Apple Supplier TSMC is Extremely Important to DARPA for Military needs
TSMC is the leading chip maker in the world hands down. While Apple is a huge customer for iDevice processors, their list of customers reads like an all star team. Most of the leading fabless semiconductor companies such as Qualcomm, Nvidia, Advanced Micro Devices (AMD), MediaTek, Marvell and Broadcom Inc. are customers of TSMC along with consumer product companies like Apple, Google, Lenovo, OnePlus, ASUS and others.
Few people know that the Pentagon is another TSMC customer. A New York Times report published late this afternoon notes that Pentagon officials have been holding private discussions with tech industry executives to wrestle with a key question: how to ensure future supplies of the advanced computer chips needed to retain America’s military edge.
The talks, some of which predate the Trump administration, recently took on an increased urgency, according to people who were involved or briefed on the discussions. Pentagon officials encouraged chip executives to consider new production lines for semiconductors in the United States, said the people, who declined to be identified because the talks were confidential.
The discussions are being driven by the Pentagon’s increased dependence on chips made abroad, especially in Taiwan, as well as recent tensions with China, these people said.
One chip maker, the Taiwan Semiconductor Manufacturing Company, better known as TSMC, plays a particularly crucial role producing commercial chips that also have applications for aircraft, satellites, drones and wireless communications. And because of unrest over the past few months in the semiautonomous Chinese territory of Hong Kong, some Pentagon officials and chip executives have wondered about situations that could force suppliers in Taiwan to limit or cut off silicon shipments, the people said.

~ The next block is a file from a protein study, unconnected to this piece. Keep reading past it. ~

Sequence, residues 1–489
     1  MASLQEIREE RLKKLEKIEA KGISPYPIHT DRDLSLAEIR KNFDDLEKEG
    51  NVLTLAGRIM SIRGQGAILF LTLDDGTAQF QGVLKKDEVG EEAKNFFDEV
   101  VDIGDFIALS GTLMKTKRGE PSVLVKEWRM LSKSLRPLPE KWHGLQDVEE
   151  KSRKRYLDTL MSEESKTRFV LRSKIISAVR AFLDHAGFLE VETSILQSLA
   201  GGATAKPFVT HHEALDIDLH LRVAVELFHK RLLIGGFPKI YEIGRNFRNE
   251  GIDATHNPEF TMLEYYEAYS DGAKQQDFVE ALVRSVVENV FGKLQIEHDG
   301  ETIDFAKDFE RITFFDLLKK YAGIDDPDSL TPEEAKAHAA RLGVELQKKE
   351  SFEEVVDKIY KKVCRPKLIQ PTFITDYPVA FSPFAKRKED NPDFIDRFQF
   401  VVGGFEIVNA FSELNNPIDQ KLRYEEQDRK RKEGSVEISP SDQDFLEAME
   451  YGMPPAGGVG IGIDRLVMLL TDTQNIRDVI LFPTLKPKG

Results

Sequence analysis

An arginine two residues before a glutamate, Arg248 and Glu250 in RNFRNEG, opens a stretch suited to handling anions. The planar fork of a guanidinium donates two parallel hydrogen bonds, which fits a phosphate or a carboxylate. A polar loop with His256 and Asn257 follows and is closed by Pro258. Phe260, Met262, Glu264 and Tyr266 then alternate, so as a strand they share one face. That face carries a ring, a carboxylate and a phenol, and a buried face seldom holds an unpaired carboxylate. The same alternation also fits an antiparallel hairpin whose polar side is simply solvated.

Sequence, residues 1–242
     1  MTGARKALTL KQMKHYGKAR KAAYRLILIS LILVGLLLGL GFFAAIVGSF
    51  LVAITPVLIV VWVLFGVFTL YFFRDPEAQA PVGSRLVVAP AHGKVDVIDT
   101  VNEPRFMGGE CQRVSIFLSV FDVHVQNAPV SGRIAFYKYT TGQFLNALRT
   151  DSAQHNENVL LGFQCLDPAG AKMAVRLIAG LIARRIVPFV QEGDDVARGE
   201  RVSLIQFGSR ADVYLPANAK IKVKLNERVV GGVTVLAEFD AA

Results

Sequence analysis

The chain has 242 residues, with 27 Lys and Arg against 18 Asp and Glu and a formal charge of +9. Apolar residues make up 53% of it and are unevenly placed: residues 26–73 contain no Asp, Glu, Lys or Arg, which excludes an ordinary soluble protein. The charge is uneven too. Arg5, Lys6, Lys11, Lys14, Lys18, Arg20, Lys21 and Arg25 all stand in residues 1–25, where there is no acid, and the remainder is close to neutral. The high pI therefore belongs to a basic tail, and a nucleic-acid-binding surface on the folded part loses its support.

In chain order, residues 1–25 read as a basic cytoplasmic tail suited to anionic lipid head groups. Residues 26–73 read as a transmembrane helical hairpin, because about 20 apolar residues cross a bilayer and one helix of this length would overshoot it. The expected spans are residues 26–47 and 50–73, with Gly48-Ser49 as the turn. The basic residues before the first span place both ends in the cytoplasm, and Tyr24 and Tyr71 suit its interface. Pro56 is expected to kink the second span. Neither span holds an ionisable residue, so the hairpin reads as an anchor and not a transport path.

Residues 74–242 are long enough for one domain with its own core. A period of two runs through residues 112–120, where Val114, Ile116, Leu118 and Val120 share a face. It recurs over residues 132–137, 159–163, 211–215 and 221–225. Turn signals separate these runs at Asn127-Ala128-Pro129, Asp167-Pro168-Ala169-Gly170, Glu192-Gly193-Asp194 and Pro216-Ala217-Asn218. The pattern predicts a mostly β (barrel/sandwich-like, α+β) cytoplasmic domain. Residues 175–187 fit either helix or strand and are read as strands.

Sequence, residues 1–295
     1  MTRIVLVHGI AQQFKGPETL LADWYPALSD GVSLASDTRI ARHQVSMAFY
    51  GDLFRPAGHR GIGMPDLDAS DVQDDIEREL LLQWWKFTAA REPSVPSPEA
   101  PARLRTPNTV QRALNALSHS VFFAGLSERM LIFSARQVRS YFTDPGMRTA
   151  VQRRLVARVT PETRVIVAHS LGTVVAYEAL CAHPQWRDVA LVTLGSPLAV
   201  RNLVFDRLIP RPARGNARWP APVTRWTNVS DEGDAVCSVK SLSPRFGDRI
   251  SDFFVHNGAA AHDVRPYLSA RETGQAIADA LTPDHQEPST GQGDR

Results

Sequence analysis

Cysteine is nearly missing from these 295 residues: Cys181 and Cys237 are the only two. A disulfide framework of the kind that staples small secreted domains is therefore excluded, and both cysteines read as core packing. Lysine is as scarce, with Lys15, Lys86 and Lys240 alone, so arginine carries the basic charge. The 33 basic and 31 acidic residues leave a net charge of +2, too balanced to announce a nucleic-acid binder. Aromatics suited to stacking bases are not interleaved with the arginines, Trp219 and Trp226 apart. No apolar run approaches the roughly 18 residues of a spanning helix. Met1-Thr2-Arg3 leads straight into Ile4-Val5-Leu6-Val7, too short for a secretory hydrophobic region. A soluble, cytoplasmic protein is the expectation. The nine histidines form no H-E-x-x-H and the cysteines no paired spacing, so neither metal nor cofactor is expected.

Mark Liu, the chairman of TSMC, said he had recently discussed options for a new factory in the United States with the Commerce Department. The stumbling block was money; major subsidies would be required, he said, as it is more expensive to operate in America than Taiwan. In an interview Liu stated that "It is all up to when we can close the cost gap."
The conversations are a sign of how federal agencies are grappling with a deep-rooted technology conundrum. The United States has long fielded the most advanced weaponry by exploiting electronic components once exclusively produced in the country. Chips help tanks, aircraft, rockets and ships navigate, communicate with one another and engage enemy targets.
But domestic production lines of many chips have long since moved overseas, raising questions about supply interruptions in the event of political or military crises abroad. Those fears have been exacerbated by the increasing importance of particular components — such as programmable chips that figure prominently in the F-35 fighter jet, which are designed by the Silicon Valley company Xilinx and mainly fabricated in Taiwan.
The United States remains the leading supplier and innovator in most chip technologies, including the processors that Intel sells for nearly all personal computers and server systems. But the Pentagon’s research arm — DARPA, for the Defense Advanced Research Projects Agency — has been trying since 2017 to spur chip innovations under a $1.5 billion Electronics Resurgence Initiative.
Its goals include finding alternatives to silicon for manufacturing and packaging small "chiplets" together instead of making big monolithic chips.
“We have vulnerabilities we really need to address, but we are still the dominant producer of electronics in the world,” said Mark Rosker, the director of DARPA’s microsystems technology office. He said questions about the American semiconductor industry called for "a graceful and considered kind of panic."
Diane Bryant, a former Intel executive said "What will happen when China makes its drive toward Taiwan? What will happen to TSMC? What is our way out of this pickle?"
If there's to be a new TSMC plant it will be in the Camas, Washington area where they currently have a small plant. But it'll all come down to heavy subsidies and that kind of decision may have to wait until after the 2020 election to get resolved. Read The New York Times report for the full story.